I’m standing in front of a wall. It’s made of wood, painted white. There are two black, small holes, probably made by nails, at my eye level. I run my hand along the surface of the white paint. I’m in the present, aware of what’s right in front of me.
I’m playing in a larp called The Zeigarnik Effect, run in Moss in Norway 11th – 13th of June, 2015 as part of the Momentum biennial of contemporary art. Created by the artist Brody Condon, The Zeigarnik Effect consists of two complementary but separate pieces, the larp and a video installation based on material recorded in the larp. During the opening of Momentum, the camera feeds from the larp are displayed live at the installation.
The voice tells me, tells all of us to move our focus to the other people in the room. I turn around and face the room. I see the other participants. I look at their faces. I look at their eyes. I’m aware of their presence. I’m in the moment.
One of the core inspirations of The Zeigarnik Effect is the Gestalt therapy of the German psychotherapist Fritz Perls. Being in the moment, being present, is one of the ideas that makes Gestalt therapy so interesting to experience. We play loose characters that consist of motivations for being in therapy, and little else. The specific rituals of Gestalt mean that although everyone in the group is in close, constant interaction with everyone else, we don’t really need anything very elaborate in terms of larp fiction. I have little else than the simple motivation granted to me by my imagined affliction, and it sufficed.
The voice is telling me to focus on my body. I feel the cramping in my back, the itching in my scalp and the anxiety in my fingers created by the condition I came up with: The fear of losing sensation in my hands and feet.
When we’re not doing mental and social excercises designed to bring us into the present moment, we’re working on someone. The language of Gestalt foregrounds the experiential, meaning that when we describe dreams, it sounds like this: “I’m experiencing remembering standing on a brown granual surface. It’s dark. I feel the heat on my face.” And so forth.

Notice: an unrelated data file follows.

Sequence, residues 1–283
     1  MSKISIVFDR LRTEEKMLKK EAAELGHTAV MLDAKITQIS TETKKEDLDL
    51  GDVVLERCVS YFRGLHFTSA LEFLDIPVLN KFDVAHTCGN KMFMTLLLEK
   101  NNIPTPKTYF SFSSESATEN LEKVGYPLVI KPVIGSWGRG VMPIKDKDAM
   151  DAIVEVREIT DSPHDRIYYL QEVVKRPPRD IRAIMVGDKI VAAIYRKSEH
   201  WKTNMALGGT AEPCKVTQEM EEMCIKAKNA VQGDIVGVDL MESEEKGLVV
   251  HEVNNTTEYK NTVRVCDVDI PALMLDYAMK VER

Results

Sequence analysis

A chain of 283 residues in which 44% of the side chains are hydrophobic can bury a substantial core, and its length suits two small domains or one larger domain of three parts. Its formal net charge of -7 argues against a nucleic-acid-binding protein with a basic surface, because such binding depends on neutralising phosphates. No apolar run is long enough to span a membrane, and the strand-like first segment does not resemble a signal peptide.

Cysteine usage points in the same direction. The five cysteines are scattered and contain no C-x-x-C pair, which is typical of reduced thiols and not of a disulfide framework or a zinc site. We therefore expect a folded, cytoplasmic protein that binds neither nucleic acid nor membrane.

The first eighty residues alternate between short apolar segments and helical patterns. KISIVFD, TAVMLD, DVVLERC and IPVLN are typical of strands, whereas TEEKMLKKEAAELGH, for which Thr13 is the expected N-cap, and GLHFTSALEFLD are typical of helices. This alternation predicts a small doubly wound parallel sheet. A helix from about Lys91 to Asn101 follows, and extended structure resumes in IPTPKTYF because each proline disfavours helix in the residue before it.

The ideas of Gestalt therapy, combined with the game design features designed by Condon with Nina Runa Essendrop, create a series of extremely intense, socially high-resolution interactions that are sometimes joyful and always interesting. A particular favorite is an excercise in which half the group moves eyes closed and the other half guides them, forcefully or with only a light touch.
In another interesting excercise, one participant asks the question “What do you want?” over and over again, and the other tries to answer. When I do this, I end up tearing my partner’s t-shirt into two. When it’s his turn to answer, he hits me in the face.
Playing The Zeigarnik Effect feels like someone has constructed an experimental language of larp, something honed and perfected in earlier prototypes until it runs smoothly and efficiently. Everything is simple, but I’m aware that to reach this level of simplicity, a great deal effort and trial and error is necessary.
The documentation required by the video installation is rigorous and thorough. Implemented by Paul Shin, the set-up includes wireless microphones on every participant and two cameramen who move in the game space, capturing emotions in close up.
Visiting the installation space, it’s obvious that this strategy really pays off. Capturing the visual surface of larp has rarely been done to such powerful effect as here, and the key is making sure that the camera is always right there, zeroing in on the face of someone who is not performing.